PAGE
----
For even cooking, succulent chicken and the crispiest skin you could imagine!
I’ve been wanting to try this Brick technique for a long time. The key to success is to cook the chicken over medium-low gas grill or coals so the skin slowly renders out the fat. It’s crispy and juicy…so perfect for grilling season!
Recently I asked our butcher to butterfly a whole chicken and take out the backbone. Asked Greg to buy a couple of bricks and convinced him to help me try the technique and we were on our way!
While the picture above may not be how you want to present your chicken I wanted you to see how crispy the skin gets and also what a butterflied chicken should look like. Also take a look at that left leg and how the meat is literally falling off the bone. This is really, really, really delicious.
Chicken Grilled Under a Brick
- 1 3 1/2–4-pound chicken, backbone removed
- 1 tablespoon kosher salt plus more
- ½ teaspoon freshly ground black pepper plus more for seasoning
- 4 tablespoons olive oil, divided
- 3 tablespoons fresh rosemary leaves diced.
- 1 red onion, cut into 1/2″ slices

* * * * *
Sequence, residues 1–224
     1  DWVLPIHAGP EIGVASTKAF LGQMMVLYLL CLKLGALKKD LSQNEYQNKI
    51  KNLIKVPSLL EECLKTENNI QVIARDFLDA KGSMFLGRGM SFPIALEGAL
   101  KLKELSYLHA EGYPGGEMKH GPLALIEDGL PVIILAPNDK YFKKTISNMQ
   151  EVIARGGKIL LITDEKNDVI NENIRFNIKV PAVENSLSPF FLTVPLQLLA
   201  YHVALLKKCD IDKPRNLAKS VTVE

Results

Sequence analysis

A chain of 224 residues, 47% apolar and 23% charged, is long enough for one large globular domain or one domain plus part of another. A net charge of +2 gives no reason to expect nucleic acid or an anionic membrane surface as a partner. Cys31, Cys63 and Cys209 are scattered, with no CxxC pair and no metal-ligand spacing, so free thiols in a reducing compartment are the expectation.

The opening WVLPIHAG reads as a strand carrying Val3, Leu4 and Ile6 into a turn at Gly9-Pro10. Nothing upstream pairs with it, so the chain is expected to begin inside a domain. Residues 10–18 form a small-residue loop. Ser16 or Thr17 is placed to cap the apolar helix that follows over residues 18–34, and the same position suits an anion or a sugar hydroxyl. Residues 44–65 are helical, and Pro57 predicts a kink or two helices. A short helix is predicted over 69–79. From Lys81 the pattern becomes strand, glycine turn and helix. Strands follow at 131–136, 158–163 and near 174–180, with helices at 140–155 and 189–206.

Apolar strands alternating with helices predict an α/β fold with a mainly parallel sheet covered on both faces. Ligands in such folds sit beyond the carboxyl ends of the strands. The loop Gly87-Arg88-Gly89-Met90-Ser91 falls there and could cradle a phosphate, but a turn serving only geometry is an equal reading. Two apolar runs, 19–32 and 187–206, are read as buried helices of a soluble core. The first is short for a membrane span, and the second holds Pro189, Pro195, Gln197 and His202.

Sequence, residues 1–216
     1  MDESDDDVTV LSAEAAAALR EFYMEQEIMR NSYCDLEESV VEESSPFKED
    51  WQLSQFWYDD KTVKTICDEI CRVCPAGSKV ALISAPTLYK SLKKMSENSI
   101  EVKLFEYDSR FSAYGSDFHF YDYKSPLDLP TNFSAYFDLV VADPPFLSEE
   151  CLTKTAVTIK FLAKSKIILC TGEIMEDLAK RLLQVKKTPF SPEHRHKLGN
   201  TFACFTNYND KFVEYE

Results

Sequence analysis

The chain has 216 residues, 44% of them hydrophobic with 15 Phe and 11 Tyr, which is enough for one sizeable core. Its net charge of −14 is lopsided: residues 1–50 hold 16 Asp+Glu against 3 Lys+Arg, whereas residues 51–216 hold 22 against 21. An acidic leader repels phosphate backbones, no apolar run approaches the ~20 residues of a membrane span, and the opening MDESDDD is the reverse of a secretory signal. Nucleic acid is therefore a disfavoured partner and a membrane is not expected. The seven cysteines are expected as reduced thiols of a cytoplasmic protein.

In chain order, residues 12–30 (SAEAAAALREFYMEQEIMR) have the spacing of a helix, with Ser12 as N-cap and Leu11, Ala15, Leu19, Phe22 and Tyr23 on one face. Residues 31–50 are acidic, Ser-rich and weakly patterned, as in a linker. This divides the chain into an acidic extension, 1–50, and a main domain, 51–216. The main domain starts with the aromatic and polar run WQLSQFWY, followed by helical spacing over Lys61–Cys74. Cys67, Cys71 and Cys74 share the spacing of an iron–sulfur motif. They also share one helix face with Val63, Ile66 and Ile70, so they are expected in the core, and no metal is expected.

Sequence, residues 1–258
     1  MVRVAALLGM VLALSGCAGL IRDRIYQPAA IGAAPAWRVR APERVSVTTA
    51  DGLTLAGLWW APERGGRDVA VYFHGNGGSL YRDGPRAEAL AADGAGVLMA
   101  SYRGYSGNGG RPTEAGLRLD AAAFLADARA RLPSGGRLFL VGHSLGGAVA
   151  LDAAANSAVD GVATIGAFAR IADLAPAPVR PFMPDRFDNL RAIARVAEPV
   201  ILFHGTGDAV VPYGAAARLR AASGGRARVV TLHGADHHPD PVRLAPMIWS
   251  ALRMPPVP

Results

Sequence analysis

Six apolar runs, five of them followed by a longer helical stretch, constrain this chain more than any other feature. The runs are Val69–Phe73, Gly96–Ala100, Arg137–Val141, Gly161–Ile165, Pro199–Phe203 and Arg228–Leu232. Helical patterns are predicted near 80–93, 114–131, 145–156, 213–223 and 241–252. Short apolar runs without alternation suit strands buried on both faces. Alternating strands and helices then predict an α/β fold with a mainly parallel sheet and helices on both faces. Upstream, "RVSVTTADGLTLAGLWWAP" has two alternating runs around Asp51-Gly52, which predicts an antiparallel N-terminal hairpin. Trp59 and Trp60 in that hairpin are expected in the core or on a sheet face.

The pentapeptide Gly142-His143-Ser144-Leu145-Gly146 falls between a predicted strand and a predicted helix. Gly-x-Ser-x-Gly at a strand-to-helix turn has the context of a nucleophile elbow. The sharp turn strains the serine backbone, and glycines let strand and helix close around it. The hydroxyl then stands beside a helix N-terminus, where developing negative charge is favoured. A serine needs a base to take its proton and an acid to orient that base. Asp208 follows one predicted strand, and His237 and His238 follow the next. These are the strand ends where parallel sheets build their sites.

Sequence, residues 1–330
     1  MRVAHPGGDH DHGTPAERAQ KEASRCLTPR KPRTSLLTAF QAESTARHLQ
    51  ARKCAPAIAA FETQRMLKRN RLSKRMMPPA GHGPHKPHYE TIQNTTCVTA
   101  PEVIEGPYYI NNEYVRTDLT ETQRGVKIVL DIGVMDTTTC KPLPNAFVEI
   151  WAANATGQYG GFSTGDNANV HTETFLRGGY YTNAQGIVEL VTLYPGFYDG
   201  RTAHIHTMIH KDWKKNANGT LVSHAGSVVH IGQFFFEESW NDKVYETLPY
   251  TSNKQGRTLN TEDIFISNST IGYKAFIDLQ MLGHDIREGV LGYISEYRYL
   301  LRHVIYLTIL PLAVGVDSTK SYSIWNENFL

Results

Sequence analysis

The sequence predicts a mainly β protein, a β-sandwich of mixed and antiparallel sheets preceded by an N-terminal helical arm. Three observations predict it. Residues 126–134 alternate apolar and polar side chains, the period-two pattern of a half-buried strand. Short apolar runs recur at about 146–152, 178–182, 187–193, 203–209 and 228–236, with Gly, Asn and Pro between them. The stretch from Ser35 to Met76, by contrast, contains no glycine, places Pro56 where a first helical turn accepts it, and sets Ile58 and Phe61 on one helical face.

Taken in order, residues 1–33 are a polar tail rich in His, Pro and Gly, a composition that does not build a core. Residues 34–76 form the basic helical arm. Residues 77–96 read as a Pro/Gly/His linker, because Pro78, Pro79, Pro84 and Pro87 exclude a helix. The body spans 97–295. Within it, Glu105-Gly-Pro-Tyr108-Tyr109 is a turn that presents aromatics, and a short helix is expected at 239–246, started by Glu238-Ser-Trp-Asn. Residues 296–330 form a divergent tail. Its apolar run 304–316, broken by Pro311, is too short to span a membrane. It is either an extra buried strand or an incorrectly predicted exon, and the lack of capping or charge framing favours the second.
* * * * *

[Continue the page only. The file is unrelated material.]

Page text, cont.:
- ¼ cup lemon juice
- 2 garlic cloves, smashed in salt and olive oil
- Open chicken and place on a work surface, skin side up. Using your palms, firmly press on breastbone to flatten the breast. Season chicken all over with salt through garlic ingredients, even under the skin. Place in a baking dish. Let stand at room temperature for 1 hour.
- Build a medium-low fire in a charcoal grill, or heat a gas grill to medium. Place chicken, skin side down, on grill and place a foil covered brick or heavy skillet on top of chicken to weigh it down. (This will expose more skin to direct heat, making it crispy; the chicken will also cook faster.) Cook until skin is crispy and golden brown, about 15 minutes.
- Using tongs, set brick aside. Turn chicken, cover grill, and cook for 10-15 more minutes. Continue cooking and turning chicken every 10 minutes, covering grill between turns, until an instant-read thermometer inserted into the thickest part of the thigh registers 165°, about 50 minutes total. Transfer to a carving board; let chicken rest for 10–20 minutes. (Resting will make for juicier meat.)